You are here:

Oral Surgery/pain after wisdom teeth extraction


Hi, I had 4 wisdom teeth out on January 3rd. The pain was horrendous from the beginning and required a trip to the ER and 9 days of double dose lortab that I slowly weaned down. It is now two weeks after surgery and I am still in a ton of pain. My surgeon says there is no physical reason I should be in so much pain- it was an easy extraction, and there is no evidence of infection or dry socket. He put dressings with oil of clove in several times and that did help the pain a little bit. My history includes a nerve problem in the past where I had damaged a nerve in my ankle that caused me a severe amount of pain for a year and a half. I did a month of pain rehab, and was on neurontin for it which helped a lot. I am wondering how likely it is that during surgery the surgeon accidentally dinged the nerve- which in my case could be enough to cause me a similar injury to the one I had 2 years ago in my ankle. I tried asking my surgeon but he was evasive with his answer. This could be important for when I go see pain management- whether there was a direct injury to the nerve makes a huge difference in diagnosis and treatment in cases like this. Do you have any thoughts or suggestions?

Johannah - The proximity of the mandibular nerve to the ends of the roots of lower wisdom teeth vary, but there is a chance that during the extraction minor pressure trauma to the nerve occurred.  If the nerve itself was affected by being cut, you would have numbness of the lower lip and chin.  

It sounds like the surgeon is not sure what happened to produce these symptoms.  To determine if direct trauma did occur, a CT scan might be beneficial.  I wish I could give you a simple solution, but with your history, seeing a pain management facility should help.  I wish I could tell you more, but I would have to examine you to possibly pick up additional information.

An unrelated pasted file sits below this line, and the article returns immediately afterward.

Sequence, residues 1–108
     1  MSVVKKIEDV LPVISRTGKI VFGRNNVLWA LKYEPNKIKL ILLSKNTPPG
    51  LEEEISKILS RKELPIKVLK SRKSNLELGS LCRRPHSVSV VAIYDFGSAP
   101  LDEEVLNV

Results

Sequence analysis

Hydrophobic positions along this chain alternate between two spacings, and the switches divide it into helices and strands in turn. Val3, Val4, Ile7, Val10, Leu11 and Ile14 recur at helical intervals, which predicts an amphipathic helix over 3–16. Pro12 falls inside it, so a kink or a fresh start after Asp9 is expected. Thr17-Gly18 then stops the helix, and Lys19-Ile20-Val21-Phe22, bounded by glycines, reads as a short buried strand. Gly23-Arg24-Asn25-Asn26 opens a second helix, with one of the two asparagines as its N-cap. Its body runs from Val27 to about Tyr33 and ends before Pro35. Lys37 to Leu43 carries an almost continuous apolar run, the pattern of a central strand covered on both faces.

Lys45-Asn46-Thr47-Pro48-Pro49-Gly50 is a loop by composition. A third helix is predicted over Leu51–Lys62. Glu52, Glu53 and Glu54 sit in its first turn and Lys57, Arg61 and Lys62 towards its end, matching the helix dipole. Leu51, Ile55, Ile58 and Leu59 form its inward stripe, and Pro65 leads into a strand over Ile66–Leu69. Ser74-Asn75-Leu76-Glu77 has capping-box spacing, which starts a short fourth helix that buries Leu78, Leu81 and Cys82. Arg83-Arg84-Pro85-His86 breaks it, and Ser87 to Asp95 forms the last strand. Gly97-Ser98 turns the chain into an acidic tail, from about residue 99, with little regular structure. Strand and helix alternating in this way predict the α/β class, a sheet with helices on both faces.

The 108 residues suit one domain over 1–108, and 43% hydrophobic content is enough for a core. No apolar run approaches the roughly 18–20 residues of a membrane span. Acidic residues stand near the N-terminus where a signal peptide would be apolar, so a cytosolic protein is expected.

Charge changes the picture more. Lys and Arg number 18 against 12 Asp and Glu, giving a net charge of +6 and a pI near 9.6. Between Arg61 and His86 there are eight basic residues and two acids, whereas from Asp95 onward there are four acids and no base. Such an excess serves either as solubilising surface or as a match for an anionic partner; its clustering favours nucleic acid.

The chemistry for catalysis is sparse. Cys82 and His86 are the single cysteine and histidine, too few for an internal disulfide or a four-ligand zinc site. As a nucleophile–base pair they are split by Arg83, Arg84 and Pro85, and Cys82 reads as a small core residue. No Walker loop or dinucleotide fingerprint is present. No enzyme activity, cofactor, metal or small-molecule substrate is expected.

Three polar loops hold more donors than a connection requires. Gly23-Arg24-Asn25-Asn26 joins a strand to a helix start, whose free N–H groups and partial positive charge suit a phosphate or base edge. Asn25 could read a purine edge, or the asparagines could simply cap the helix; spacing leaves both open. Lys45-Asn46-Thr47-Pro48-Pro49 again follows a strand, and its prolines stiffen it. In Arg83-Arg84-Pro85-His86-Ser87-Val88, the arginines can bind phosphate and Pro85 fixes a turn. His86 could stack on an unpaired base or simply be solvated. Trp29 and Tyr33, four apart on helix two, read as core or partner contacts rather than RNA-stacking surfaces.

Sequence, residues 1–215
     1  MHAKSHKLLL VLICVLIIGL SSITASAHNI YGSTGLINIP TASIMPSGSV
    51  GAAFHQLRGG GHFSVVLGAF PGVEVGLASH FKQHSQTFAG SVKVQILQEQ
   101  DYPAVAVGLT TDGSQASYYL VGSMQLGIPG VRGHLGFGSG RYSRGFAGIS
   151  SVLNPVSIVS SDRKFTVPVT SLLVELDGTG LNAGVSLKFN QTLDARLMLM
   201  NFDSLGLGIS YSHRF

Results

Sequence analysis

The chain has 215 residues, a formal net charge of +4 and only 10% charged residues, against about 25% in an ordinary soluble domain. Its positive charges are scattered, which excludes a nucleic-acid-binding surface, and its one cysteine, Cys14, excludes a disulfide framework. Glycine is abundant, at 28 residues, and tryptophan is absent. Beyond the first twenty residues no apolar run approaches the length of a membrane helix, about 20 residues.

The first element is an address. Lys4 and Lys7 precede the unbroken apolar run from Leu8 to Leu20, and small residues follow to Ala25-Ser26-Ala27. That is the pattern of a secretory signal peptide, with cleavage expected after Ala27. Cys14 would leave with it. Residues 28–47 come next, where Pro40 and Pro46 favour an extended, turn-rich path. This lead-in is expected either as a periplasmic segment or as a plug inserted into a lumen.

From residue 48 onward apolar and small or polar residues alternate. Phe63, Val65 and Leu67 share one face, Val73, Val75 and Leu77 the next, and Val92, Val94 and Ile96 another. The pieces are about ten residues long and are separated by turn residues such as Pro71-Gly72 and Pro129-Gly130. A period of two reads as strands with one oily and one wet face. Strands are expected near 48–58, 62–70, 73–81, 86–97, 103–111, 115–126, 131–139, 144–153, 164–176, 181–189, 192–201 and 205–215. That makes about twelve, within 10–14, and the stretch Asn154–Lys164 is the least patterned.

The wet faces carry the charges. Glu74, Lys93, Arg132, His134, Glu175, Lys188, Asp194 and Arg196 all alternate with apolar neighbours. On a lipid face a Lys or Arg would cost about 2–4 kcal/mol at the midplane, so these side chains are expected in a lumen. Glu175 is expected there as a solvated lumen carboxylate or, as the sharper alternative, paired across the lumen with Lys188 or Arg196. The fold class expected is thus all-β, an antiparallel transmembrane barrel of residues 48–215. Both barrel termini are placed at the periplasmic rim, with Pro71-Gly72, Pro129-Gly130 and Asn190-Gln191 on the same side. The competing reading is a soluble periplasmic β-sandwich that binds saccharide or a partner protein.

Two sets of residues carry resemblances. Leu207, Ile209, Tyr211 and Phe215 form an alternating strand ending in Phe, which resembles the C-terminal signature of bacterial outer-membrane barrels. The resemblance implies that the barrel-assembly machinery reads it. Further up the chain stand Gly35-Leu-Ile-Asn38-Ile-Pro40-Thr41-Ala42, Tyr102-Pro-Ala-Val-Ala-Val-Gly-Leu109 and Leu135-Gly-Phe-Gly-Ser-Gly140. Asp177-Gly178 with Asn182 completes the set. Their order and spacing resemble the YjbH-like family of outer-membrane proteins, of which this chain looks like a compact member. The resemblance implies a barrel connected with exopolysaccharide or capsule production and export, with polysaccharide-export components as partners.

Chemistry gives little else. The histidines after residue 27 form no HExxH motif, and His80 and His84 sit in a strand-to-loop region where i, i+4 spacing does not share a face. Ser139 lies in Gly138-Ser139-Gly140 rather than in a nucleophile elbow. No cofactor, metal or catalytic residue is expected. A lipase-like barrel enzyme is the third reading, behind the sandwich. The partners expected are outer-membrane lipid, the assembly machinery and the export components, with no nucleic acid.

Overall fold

I hope you feel better soon.  Just so you know, if minor trauma to the nerve occurred to produce the symptoms, it may take 1-2 months to get better on its own.

Oral Surgery

All Answers

Answers by Expert:

Ask Experts


Joel S. Teig, DMD, Diplomate ABOMS, retired


I am a board certified oral and maxillofacial surgeon available to answer questions related to tooth extractions, implant insertion, facial recontruction, facial and oral tumor removal, TMJ dysfunction and various successful treatments, including surgery if all else fails, and occlusal discrepancy requiring orthognathic or jaw surgery.


Board Certified Oral and Maxillofacial Surgeon practicing for over 20 years. Assistant Clincal Professor at State University School of Dentistry.

American Dental Association, American Association of Oral and Maxillofacial Surgeons, American Board of Oral and Maxillofacial Surgeons

BA- University of Connecticut DMD-University of Pennsylvania School of Dental Medicine Oral and Maxillofacial Surgical Residency - Roosevelt Hospital, NYC

©2017 All rights reserved.

[an error occurred while processing this directive]